A thousand-year-old pastoral staff, the ‘Prosperous crozier’, which has been in the care of the Jesuits at Clongowes almost since it was discovered in a bog in 1839, has been given to the National Museum on indefinite loan. The public display of the crozier was launched at the museum on November 14.
Keeper of Irish Antiquities with the National Museum of Ireland, Maeve Sikora, said; “We are thrilled to welcome the Prosperous Crozier to the National Museum of Ireland. It is a unique and highly significant artefact that was made around 1,000 years ago… The Jesuits at Clongowes cared for this crozier for many years, and through its study, their students undoubtedly gained a deep appreciation of this nation’s wonderful heritage.”
Croziers take the form of a shepherd’s crook, symbolising the pastoral role of the Church in looking after its ‘flock’. Croziers were recognised as potent symbols of power when in use. Dating between the 9th and 11th centuries AD, at 1.34m in height the Prosperous Crozier is also the tallest of the surviving early medieval Irish croziers. An inscription on the crozier suggests that it was associated with St Mary’s Abbey in Dublin.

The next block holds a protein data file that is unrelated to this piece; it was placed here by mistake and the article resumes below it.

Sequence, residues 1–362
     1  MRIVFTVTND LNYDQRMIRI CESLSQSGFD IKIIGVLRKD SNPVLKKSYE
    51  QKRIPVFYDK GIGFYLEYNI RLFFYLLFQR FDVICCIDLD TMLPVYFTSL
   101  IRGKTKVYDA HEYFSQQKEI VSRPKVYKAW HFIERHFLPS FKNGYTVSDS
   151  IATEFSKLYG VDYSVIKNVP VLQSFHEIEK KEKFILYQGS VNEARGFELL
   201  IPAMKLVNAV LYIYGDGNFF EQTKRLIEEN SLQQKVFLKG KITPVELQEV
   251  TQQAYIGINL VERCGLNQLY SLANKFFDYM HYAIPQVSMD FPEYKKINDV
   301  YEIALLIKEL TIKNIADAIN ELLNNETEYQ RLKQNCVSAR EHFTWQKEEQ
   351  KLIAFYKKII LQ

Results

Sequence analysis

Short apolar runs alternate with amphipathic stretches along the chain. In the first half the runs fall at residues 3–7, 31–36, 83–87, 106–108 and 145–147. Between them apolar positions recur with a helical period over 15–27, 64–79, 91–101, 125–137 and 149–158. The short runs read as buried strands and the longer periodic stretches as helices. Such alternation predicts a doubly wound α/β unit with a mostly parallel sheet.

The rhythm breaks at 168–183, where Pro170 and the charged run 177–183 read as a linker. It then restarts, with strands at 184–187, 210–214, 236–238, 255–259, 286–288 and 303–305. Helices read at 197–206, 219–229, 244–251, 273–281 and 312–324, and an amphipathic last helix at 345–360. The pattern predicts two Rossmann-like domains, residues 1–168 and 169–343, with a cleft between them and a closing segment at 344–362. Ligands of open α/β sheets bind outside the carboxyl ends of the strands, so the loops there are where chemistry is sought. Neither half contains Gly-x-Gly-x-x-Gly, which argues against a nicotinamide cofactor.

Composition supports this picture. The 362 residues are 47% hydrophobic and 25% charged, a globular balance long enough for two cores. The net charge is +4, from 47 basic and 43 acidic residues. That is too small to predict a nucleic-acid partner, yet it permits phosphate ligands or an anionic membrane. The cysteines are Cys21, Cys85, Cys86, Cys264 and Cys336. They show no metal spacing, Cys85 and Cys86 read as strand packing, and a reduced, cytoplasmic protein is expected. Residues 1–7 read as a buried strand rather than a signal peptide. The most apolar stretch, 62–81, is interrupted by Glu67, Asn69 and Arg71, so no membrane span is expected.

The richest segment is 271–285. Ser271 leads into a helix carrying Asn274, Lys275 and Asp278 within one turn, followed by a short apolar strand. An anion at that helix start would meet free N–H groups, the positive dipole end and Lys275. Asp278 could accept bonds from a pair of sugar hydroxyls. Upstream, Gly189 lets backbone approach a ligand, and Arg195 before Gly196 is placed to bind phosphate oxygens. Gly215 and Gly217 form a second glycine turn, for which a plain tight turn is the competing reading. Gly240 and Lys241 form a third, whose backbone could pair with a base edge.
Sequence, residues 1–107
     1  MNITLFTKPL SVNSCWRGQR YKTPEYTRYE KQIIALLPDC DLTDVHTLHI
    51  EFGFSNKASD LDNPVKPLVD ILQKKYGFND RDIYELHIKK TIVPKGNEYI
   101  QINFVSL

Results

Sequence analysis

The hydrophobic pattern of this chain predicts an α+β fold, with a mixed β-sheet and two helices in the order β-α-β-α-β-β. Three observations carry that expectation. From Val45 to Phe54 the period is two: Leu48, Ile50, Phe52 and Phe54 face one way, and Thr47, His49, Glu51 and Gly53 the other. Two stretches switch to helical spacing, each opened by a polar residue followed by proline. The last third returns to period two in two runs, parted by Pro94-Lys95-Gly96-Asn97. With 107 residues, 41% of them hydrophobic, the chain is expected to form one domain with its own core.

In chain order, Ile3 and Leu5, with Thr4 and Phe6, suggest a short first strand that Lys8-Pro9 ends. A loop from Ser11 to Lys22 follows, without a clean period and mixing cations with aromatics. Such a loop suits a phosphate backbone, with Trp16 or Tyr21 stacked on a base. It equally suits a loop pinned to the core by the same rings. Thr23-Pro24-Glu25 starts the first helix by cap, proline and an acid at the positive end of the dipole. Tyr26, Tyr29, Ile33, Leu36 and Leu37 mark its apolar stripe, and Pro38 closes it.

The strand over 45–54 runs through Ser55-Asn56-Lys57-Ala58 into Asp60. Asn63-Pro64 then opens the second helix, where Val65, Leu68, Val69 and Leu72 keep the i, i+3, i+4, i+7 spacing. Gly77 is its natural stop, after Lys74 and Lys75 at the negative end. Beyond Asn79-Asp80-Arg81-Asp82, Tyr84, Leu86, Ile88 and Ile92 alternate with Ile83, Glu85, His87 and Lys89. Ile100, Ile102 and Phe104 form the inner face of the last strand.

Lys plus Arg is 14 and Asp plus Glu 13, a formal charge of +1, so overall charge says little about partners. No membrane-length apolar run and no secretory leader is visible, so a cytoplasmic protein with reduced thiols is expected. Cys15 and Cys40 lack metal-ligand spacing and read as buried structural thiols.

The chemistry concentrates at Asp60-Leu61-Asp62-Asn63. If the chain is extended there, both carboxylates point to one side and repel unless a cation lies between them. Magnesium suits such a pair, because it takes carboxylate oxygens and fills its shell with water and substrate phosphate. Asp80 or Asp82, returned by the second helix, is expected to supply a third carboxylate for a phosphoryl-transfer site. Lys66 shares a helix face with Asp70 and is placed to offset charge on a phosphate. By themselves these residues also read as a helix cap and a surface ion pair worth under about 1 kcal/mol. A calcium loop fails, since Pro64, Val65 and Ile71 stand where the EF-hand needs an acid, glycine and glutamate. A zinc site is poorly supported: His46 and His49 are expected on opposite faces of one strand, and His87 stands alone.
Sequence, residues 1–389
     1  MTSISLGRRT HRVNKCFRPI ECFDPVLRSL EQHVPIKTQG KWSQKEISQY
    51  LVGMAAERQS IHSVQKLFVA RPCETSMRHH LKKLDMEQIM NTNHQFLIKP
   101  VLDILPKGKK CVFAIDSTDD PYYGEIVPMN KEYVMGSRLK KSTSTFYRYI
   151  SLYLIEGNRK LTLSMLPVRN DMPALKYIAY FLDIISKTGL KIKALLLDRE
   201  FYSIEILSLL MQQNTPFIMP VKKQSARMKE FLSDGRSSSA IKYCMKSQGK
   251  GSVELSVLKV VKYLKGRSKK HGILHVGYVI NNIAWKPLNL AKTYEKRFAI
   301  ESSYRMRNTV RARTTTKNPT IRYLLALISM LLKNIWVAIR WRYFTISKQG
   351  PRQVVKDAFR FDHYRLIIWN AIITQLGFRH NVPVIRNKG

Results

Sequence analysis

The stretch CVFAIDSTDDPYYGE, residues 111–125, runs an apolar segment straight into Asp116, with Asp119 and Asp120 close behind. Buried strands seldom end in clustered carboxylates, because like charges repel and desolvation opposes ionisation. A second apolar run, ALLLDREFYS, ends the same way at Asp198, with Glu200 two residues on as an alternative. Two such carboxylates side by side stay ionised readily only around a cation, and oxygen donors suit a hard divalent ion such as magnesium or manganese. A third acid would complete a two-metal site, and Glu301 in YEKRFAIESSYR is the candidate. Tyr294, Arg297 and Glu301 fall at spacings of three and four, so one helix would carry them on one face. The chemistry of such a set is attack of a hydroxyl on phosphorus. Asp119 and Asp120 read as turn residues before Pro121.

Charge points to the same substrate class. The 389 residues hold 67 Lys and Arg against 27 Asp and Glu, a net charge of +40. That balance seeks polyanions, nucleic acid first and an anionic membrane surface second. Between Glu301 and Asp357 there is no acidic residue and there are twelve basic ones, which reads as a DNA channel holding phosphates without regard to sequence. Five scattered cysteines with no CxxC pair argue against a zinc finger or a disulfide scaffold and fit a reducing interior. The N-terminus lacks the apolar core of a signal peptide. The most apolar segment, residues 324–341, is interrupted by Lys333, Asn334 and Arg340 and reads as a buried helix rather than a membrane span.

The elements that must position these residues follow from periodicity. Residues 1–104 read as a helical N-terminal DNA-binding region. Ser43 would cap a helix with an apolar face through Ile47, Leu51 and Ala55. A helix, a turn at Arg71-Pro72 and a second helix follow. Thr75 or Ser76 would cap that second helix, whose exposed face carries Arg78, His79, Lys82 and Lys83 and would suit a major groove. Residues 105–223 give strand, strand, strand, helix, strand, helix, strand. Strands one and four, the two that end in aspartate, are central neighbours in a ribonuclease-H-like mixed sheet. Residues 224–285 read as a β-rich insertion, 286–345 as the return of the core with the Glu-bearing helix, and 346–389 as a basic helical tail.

“It’s incredibly well-preserved,” according to University College Cork archaeologist Dr Griffin Murray. “The only flaw is that it was broken in two on purpose – possibly to conceal it. Otherwise it’s perfect.”
Fr Michael Sheil SJ, attending the launch on behalf of the Jesuits, said; “We are very fortunate in Clongowes to have had the Prosperous Crozier in our possession. It has been in the Community Archives for about 180 years. We are grateful to the National Museum for enabling us now to share it with the people of Ireland, for years to come. We hope that this treasure will be enjoyed and appreciated by all who come to see it. It is a reminder of our rich Christian heritage, providing a wonderful link to life in the Irish Church over a millennium ago.”
Chair of the Board of the National Museum of Ireland, Catherine Heaney, said: “As part of our rich medieval inheritance from monastic and Christian life in Ireland, the Prosperous Crozier links us back to the key role Ireland played as a place of learning and scholarship within Europe. It is timely, in this week of commemoration and when we look ahead to Brexit, that we also take the time to celebrate the richness of our history. Now to be displayed as part of the medieval exhibition, the Prosperous Crozier provides another stimulus for reflection on the richness which has come before us.”